An Introduction to Core Web Vitals
The only constant in SEO is change, which is also why we love it, and our CEO has dedicated her career to it. It’s not good enough to learn the basics of SEO once – it’s a constantly evolving discipline; you need to consistently be updating your knowledge to remain relevant and competitive. Both art and science come together to make SEO work.
It really comes down to, at this point, technical performance and understanding what users want and giving it to them in such a way that they understand.” – Anne Ahola Ward
The latest news to rock the SEO world is Core Web Vitals. While site owners and managers have long known that delivering a great user experience is critically important, there has not been an easy way to quantify that experience. With Core Web Vitals, that may be changing. The goal here is to provide objective measurements that analyze the user experience on any given site.
As a starting point, Core Web Vitals is going to focus on three metrics. While the three listed below are the current focus of this initiative, it is no secret that the metrics will change and evolve over time as technology changes.
- Largest Contentful Paint
- First Input Delay
- Cumulative Layout Shift
If you are a developer, those terms may be familiar. If not, they may be completely meaningless to you at this point. Let’s take a look at each of these three and what they mean for your site.
Largest Contentful Paint
The concept here is pretty simple. This metric measures the render time for the largest text block or image on the viewable part of the page. The threshold here to earn good performance on LCP is under 2.5 seconds.
First Input Delay
Another piece of the Core Web Vitals puzzle is FID, which measures how quickly your site responds once a user attempts to take an action. That action will likely be something simple like clicking a button or a link. The measurement here is capturing how much time passes between the action and the response by the browser. A good time is under 100 milliseconds, while a time over 300 milliseconds is considered poor.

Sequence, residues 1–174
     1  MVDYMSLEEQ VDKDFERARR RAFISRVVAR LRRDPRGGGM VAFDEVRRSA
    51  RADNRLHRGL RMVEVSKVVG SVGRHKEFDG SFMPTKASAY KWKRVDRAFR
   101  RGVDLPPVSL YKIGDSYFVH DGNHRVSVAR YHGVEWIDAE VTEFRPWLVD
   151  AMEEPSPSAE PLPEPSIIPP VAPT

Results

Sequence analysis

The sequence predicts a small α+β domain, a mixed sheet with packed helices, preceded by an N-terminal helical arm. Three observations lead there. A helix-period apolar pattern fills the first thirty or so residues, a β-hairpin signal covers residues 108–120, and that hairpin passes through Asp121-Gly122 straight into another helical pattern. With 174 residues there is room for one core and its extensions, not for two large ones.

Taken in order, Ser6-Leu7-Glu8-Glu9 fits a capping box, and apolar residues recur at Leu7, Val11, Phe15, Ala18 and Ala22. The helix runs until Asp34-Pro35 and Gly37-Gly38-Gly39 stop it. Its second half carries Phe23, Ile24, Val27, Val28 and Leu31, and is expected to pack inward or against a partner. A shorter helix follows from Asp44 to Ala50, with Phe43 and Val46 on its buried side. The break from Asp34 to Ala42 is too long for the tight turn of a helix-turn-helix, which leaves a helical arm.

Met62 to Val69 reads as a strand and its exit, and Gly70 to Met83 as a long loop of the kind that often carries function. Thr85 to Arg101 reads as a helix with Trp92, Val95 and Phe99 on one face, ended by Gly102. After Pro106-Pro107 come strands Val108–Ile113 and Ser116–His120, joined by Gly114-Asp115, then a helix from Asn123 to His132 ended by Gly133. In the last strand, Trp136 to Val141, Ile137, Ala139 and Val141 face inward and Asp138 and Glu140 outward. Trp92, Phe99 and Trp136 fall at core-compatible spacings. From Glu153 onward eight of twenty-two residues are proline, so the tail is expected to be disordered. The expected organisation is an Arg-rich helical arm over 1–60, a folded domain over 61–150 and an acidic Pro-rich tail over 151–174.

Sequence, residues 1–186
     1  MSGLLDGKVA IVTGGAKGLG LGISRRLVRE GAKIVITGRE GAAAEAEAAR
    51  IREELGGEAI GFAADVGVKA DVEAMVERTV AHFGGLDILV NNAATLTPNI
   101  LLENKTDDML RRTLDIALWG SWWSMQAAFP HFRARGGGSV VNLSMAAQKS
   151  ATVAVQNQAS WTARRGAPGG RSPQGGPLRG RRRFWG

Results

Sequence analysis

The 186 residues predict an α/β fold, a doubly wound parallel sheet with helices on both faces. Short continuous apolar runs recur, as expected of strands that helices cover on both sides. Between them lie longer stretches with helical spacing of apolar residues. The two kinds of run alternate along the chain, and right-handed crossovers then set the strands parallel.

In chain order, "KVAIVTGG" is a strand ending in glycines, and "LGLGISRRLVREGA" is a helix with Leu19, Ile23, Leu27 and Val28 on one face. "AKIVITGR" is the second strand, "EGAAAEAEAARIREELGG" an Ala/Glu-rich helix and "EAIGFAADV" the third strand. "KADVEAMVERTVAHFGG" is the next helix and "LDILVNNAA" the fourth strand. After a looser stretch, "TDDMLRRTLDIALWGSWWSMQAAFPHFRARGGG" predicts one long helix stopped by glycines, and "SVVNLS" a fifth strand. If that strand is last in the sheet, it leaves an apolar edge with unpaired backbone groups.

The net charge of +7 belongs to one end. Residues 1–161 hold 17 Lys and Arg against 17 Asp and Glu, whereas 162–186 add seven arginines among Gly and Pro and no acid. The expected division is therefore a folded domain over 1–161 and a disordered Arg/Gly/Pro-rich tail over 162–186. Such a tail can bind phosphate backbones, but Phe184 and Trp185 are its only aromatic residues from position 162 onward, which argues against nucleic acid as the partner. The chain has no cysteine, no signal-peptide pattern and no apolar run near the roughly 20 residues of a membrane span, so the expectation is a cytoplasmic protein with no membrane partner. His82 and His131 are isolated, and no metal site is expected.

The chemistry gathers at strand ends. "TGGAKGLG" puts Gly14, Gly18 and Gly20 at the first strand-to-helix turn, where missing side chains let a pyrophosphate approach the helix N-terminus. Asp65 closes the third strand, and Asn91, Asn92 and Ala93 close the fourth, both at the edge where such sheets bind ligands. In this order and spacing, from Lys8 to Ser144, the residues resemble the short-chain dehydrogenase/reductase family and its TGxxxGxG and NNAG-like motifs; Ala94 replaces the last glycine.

Cumulative Layout Shift
The last metric included in the current form of Core Web Vitals measures how much shift is taking place on your web pages. Some pages will include elements that shift after they have loaded, an issue that can happen as a result of factors like third-party ads or unknown image dimensions. Layout shift makes for a poor user experience because it’s hard to read the content on the page when it jumps around, and the user might even click on an element by accident. To receive a good score on this metric, the goal is to keep your CLS under 0.1.
Why It Matters
Should you care about Core Web Vitals on your site? Absolutely, and you have two reasons to give this topic the attention it deserves.
- Search rankings. Of course, this is always the focus when talking about SEO. The expectation is that Core Web Vitals will become a ranking factor within the Google algorithm. If that is the case, you’ll obviously need to pay attention to these metrics if you hope to maintain or improve your rankings.
- User experience. Beyond ranking concerns, you can utilize the Core Web Vitals metrics to improve the experience you offer your site visitors. It’s always worthwhile to improve the way your site treats its guests, as those are your potential clients and customers.
If your business takes SEO seriously, you can’t afford to overlook Core Web Vitals. These metrics seem likely to become more and more important in the years to come, so get started right away on the steps needed to optimize your site.